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Recipe sharing -- #2 Dinette Cake

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Recipe sharing -- #2 Dinette Cake

Mrs. Smith | Oct 23, 2003 05:48 PM

This cake breaks most of my rules about cake baking, and it is still my favorite. I love Rose Levy Berenbaum's Golden Butter Cream Cake also, but there is something about the simplicity and purity of this cake that keeps bringing me back to it. I have found it to be the cake that give me more raves in the 'yellow" category than any other. I don't know why Betty Crocker (for this is from the 1950s Color Cookbook) has created, somehow, this cake that is both light and rich, not yellow enough to be yellow and but certainly not a white cake.

This cake is just fine on it's own, in the British style, with just a dusting of confectioner's sugar. Or, I have served it with liquid, warm cream poured over it. A minimalist's delight, with coffee or tea or milk. This cake particularly shines under any good chocolate icing, also.

I can't say enough about this cake -- even though it has no butter, and isn't really technically a layer cake, and doesn't follow most of my cake rules, it's still the best!

Now, I dont' promise everyone will love this cake -- and I also don't think it's foolproof. You gotta sift a lot and measure exactly. And know your oven. And just generally pay attention, as with all cakes.

This cake is designed for a 9x9x1-3/4 inch square pan, but it does well in a 9 inch round that's 2 inches deep, or in a springform. To make it a layer cake -- split the cake in half (don't bake in two layer).

If you wish to make 3 thick layers, double this recipe and divide between three 9 inch layers. You may have a little batter left over -- make a cupcake or two.

1 1/2 cups cake flour
2 teaspoons baking powder
1/3 cup soft shortening (I use the non-hydrogenated Spectrum shortening with great success. I have made it with very pure leaf lard, and the texture was incredible as was the flavor -- not porky but rather light and rich. But I imagine most people will not be making this with lard!)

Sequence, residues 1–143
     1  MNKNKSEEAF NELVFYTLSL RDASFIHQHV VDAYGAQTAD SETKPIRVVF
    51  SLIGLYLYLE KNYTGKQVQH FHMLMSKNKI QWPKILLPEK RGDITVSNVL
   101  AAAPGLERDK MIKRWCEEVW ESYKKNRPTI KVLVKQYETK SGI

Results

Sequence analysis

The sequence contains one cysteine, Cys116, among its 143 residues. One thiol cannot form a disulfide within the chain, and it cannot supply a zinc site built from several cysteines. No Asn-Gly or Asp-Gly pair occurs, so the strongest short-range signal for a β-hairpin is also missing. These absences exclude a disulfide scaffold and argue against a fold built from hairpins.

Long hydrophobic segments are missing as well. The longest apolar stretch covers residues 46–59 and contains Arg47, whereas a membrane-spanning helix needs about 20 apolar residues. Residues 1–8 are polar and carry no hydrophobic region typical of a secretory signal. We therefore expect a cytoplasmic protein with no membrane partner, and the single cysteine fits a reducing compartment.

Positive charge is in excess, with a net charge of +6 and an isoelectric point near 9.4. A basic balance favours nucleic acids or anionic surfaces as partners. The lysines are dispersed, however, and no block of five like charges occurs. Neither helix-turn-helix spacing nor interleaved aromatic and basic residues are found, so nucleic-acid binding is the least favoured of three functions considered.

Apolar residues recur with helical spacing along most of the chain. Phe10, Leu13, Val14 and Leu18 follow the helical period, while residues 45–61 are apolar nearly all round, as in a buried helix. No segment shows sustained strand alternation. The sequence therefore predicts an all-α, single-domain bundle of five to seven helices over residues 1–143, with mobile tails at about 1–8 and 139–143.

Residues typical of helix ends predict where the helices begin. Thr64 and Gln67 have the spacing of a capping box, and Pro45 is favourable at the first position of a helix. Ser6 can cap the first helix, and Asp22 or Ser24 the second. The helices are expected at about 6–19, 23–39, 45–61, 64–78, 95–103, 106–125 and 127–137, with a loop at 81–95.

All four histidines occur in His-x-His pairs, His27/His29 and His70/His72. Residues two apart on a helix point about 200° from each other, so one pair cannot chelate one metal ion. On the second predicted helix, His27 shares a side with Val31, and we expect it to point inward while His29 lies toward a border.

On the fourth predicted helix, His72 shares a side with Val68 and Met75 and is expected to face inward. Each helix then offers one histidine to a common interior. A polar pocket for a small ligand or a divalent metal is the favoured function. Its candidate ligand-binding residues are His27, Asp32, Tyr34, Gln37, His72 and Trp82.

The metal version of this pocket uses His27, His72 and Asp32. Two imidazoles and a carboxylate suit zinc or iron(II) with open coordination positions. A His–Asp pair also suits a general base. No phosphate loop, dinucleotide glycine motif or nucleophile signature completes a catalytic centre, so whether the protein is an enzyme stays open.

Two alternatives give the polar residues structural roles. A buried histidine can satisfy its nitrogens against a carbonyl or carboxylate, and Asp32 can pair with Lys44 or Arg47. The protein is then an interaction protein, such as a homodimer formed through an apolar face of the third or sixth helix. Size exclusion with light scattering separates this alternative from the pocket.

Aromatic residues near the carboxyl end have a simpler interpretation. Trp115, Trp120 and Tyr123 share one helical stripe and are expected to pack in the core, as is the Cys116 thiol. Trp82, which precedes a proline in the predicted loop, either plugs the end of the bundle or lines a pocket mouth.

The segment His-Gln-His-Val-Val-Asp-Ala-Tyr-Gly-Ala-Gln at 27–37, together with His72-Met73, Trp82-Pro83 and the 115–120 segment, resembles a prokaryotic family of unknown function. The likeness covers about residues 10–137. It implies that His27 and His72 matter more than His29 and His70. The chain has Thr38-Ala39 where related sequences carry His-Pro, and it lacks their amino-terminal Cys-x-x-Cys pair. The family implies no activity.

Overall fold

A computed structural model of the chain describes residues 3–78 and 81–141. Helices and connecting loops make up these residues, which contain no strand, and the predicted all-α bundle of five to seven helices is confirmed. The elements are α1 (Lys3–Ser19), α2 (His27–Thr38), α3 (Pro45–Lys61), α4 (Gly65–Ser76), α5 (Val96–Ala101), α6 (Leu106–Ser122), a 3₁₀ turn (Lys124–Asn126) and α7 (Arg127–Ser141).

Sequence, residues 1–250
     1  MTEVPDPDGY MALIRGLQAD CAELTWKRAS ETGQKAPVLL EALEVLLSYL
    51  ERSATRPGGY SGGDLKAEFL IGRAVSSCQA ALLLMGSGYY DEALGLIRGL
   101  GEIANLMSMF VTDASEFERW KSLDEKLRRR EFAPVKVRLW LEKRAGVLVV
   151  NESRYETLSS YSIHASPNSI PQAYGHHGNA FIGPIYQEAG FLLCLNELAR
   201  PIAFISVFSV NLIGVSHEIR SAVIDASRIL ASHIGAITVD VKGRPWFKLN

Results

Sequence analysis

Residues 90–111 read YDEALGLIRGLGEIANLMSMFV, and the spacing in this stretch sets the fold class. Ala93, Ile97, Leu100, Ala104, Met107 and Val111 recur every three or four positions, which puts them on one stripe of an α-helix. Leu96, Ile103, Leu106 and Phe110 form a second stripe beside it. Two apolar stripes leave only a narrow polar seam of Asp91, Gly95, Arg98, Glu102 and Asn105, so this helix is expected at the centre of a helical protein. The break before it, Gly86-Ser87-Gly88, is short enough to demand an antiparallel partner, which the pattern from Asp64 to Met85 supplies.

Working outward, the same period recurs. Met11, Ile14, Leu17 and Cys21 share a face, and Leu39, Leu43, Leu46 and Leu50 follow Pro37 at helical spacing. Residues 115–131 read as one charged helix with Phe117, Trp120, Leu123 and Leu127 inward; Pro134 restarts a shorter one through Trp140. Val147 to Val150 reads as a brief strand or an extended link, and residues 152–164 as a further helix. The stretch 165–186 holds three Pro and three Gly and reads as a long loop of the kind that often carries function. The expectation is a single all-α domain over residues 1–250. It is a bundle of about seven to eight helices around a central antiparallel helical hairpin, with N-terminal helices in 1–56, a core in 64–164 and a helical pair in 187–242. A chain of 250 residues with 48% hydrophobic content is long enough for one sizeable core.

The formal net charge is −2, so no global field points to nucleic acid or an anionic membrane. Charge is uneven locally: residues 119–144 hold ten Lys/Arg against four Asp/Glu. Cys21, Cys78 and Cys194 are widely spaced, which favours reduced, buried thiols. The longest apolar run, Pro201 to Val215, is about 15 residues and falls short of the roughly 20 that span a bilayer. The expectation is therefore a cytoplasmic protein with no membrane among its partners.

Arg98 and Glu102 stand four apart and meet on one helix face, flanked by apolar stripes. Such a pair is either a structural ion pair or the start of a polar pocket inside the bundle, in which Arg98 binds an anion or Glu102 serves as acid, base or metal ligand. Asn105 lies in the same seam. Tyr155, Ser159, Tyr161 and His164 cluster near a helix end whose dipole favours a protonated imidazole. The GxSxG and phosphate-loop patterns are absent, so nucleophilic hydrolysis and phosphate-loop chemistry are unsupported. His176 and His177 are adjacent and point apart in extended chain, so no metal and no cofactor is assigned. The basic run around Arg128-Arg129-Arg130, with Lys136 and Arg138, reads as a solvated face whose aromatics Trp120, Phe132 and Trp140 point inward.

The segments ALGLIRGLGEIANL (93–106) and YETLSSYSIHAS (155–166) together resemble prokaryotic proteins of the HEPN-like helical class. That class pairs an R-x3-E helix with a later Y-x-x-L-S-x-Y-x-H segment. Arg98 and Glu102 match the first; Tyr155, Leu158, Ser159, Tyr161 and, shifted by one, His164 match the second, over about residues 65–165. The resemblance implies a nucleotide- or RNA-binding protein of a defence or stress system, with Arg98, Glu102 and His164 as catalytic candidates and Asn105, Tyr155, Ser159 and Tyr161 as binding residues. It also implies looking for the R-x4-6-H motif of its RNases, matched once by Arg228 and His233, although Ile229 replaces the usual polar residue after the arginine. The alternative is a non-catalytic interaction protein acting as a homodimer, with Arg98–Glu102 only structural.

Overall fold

1 teaspoon flavoring (vanilla of course, and I also like rose water or cognac. the congnac version is particularly good if you're not going to ice)
1 cup sugar
1/2 teaspoon salt
2/3 cup whole milk
1/3 cup of egg (usually one whole egg plus one extra egg yolk)

Heat oven to 350 degrees. Grease and flour your pan(s). Measure flour by dip-level-pour method. I sift three times. Then I blend with the flour, sugar, baking powder, and salt, and sift at least one more time. Add shortening, milk, and flavoring. Beat 2 minutes on medium speed of mixer, or 300 vigorous strokes by hand. Scrape sides and bottom of bowl constantly. Add egg. Beat 2 more minutes, scraping bowl frequently. Pour into pan(s) Bake 30-35 minutes (layers in the doubled recipe may take a shorter time). Cool. Frost as desired.

I actually like this cake best when beaten by hand (it's not too onerous). I have had more success than I have with an electric mixer. I have never made this in my Kitchenaid standing mixer, as I think it might be too easy to overbeat. Try by hand first -- which also means no mixer cleanup.

I sometimes cut this into shapes with cake cutters, and drizzle with a glaze, or frost fancifully for a fancy tea.

Oh, and by the way -- if I haven't said it before -- BUY the Magi-Cake Strips and USE them! They work!

Enjoy!

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